Peace is Every Step by Thich Nhat Hanh
The phrase “this book could change your life” is much overused in Publishers’ press releases and on jacket blurbs, but there are books that do change lives - not in all cases in the spectacular fashion that some books may claim, but in more gentle, subtle ways.
Peace is Every Step is such a gentle book, and certainly the Buddhist perspective from which it is written is one that has improved, changed, even saved a good few lives!
In the rush of modern life, particularly in the West, and now in the fast becoming Westernized eastern nations, human beings have largely forgotten how to live in the moment and to access the peace that can be found in each moment - we tend to dwell on the past, or our minds rush headlong into the future, making plans that might come to fruition, reacting to things that might happen or might never happen, trying to avoid things we don’t want to happen - or if we can’t avoid them, we at least try to avoid thinking about them!
Modern life itself is unstable, unpredictable, and is full of unsatisfactoriness which makes us suffer - stress, anger, need, hate, greed, seem to persist long after we have solved most of the practical problems that living in the world presents. In this book, Thich Nhat Hanh, a Zen Master, monk, peace activist and poet, shows us how we can make use of the situations and circumstances that normally leave us feeling stressed, antagonised and negative.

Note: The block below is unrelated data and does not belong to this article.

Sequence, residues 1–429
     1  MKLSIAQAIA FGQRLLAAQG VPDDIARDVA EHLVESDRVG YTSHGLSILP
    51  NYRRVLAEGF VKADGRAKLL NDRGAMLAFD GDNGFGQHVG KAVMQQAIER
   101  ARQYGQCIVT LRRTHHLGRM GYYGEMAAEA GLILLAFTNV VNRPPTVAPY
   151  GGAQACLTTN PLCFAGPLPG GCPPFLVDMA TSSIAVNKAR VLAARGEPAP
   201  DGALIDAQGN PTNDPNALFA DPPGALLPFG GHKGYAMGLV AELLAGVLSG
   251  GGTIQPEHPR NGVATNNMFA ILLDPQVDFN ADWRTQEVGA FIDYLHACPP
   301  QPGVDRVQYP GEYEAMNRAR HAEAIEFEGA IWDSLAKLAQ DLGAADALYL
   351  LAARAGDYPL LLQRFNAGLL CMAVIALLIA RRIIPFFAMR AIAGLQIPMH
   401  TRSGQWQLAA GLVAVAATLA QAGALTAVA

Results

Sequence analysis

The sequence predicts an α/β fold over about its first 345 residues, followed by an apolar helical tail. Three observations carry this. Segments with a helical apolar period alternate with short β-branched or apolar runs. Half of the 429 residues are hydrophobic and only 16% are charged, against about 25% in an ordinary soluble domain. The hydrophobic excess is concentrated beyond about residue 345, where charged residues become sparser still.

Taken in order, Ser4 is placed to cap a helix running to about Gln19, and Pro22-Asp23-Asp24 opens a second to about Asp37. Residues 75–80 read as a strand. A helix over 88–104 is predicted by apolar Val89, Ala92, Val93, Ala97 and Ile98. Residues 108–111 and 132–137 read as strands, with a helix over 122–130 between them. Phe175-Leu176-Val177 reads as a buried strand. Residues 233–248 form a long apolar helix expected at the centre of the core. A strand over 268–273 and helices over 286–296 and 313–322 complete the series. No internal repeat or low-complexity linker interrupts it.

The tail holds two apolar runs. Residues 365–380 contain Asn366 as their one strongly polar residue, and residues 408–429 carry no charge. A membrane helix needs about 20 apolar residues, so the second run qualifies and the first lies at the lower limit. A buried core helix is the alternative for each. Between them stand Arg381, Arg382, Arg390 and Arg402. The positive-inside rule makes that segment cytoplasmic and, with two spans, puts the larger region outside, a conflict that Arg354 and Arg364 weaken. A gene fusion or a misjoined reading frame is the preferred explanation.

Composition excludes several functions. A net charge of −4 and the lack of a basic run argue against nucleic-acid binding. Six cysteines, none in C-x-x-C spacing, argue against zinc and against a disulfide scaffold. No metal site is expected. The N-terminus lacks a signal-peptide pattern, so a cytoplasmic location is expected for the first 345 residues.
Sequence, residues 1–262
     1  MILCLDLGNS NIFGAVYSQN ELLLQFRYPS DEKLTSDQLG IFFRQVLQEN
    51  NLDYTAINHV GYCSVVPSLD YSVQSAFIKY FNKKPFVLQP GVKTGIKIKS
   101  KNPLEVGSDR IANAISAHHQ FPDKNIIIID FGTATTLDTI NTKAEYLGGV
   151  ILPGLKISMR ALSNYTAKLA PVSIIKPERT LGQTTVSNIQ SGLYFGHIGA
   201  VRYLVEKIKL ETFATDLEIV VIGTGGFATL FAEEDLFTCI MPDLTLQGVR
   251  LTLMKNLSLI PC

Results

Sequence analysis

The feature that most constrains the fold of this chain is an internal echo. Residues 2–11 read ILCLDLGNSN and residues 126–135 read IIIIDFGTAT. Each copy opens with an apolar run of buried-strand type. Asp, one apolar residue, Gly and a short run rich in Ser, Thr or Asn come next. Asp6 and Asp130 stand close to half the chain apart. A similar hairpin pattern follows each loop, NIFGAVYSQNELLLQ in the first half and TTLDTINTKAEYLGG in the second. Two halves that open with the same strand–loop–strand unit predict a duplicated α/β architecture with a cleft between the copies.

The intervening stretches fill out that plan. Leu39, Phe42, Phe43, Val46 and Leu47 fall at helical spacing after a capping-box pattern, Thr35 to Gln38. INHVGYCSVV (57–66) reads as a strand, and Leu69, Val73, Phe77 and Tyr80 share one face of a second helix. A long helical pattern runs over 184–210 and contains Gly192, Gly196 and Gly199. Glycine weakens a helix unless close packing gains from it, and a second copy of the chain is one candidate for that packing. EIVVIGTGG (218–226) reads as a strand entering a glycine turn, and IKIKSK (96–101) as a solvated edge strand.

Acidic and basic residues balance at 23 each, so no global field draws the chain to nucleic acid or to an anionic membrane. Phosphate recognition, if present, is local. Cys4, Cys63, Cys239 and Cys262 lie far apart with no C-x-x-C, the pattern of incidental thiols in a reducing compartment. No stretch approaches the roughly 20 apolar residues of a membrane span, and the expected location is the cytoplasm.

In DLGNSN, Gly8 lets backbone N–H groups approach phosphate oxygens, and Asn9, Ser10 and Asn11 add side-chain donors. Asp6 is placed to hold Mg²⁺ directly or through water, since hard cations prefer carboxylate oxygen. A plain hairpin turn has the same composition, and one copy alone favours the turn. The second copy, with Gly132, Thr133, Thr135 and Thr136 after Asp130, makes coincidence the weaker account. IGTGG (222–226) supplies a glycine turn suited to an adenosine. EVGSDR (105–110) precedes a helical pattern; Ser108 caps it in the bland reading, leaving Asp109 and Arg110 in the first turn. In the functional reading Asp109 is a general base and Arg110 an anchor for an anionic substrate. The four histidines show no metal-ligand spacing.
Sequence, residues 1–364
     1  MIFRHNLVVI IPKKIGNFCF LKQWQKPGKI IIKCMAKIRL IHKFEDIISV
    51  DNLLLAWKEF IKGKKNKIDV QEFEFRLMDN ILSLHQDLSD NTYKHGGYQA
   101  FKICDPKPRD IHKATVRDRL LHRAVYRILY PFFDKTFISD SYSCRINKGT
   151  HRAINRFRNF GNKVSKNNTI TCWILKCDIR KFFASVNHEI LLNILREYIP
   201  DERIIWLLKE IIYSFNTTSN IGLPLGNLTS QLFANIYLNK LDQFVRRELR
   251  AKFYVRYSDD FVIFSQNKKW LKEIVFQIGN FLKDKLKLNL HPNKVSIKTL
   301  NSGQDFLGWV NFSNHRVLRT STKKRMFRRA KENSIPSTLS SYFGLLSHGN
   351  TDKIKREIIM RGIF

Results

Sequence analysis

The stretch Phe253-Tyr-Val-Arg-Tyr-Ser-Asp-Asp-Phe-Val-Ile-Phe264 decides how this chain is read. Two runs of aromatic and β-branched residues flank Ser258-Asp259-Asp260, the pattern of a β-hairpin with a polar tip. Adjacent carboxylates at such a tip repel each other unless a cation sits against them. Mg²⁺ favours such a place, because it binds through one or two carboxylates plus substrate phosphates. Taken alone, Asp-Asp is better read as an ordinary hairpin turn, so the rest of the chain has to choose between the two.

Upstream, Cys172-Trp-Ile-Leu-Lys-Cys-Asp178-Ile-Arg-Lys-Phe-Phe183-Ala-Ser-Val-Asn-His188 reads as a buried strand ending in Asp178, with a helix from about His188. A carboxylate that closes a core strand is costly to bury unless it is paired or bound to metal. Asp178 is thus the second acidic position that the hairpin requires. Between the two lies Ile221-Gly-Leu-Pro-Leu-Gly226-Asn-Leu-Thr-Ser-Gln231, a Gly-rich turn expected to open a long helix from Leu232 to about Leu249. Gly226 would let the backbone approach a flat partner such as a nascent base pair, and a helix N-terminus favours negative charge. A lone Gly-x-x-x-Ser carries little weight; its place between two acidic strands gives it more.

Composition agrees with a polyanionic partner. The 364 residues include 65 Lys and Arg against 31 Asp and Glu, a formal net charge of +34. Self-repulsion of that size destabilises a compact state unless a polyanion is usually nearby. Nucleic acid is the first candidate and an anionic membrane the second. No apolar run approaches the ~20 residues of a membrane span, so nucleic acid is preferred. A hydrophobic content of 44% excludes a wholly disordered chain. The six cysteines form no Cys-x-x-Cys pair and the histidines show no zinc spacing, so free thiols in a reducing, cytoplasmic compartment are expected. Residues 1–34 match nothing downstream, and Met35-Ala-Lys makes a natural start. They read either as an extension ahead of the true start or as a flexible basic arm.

Through the Buddhist practice of mindfulness, we can learn to live and find joy and peace in each moment, and grow from the manure, as it were, of our problems and negativity.
Although it is written by a Buddhist monk, and essentially draws on the Buddhist principle of mindfulness, Peace is Every Step does not attempt to draw the reader into Buddhism, but concentrates on helping readers live in the moment and be happier people - both for their own sakes and the sake of others. In deceptively simple language, Thich Nhat Hanh describes mindfulness techniques for dealing with anger and the like, as well as everyday situations that might normally have us stressed - the ringing of a telephone, for example, is a reminder to breathe and come back to ourselves, if only for a moment; washing the dishes is an opportunity to revel in the sensations of warm water and to living fully in the moment.
We crave so much what is outside ourselves, he says - but we can enjoy a view of the sky from pretty much anywhere, and can return to the simply beauty of ourselves by using conscious breathing wherever we are - finding the meditative peace that we may or may not also find on the meditation cushion.
All in all this book was a breath of fresh air at a difficult time in my life, and the exercises and outlook certainly helped me. It’s the kind of book I will read again before passing on so somebody else can benefit. Thich Nhat Hanh has written other books which I will be looking at, as this book was very easy to read, and did not get heavy or lecturing despite having a very profound, albeit very simple, message to offer.
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